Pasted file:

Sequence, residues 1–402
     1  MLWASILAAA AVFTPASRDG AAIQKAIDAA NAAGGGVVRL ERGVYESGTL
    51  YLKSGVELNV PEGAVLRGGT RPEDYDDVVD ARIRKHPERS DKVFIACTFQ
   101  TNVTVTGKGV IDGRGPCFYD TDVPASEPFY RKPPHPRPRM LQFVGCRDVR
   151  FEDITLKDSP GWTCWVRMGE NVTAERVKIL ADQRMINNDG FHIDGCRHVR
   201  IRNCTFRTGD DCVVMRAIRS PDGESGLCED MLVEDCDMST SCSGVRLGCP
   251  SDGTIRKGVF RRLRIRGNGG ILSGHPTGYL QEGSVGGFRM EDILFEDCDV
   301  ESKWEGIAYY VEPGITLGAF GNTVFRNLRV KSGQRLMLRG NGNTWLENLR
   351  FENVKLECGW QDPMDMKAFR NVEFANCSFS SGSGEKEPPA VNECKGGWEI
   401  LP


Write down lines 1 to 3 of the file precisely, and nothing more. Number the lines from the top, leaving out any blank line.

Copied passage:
Sequence, residues 1–402
     1  MLWASILAAA AVFTPASRDG AAIQKAIDAA NAAGGGVVRL ERGVYESGTL
    51  YLKSGVELNV PEGAVLRGGT RPEDYDDVVD ARIRKHPERS DKVFIACTFQ